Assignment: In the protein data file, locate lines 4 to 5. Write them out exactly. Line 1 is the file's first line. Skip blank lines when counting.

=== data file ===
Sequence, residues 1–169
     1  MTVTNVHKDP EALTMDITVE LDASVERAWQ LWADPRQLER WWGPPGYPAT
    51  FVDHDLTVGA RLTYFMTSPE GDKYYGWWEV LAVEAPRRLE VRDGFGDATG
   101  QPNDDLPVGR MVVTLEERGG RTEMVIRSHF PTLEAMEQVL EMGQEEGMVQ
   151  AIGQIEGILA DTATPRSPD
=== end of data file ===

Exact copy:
   101  QPNDDLPVGR MVVTLEERGG RTEMVIRSHF PTLEAMEQVL EMGQEEGMVQ
   151  AIGQIEGILA DTATPRSPD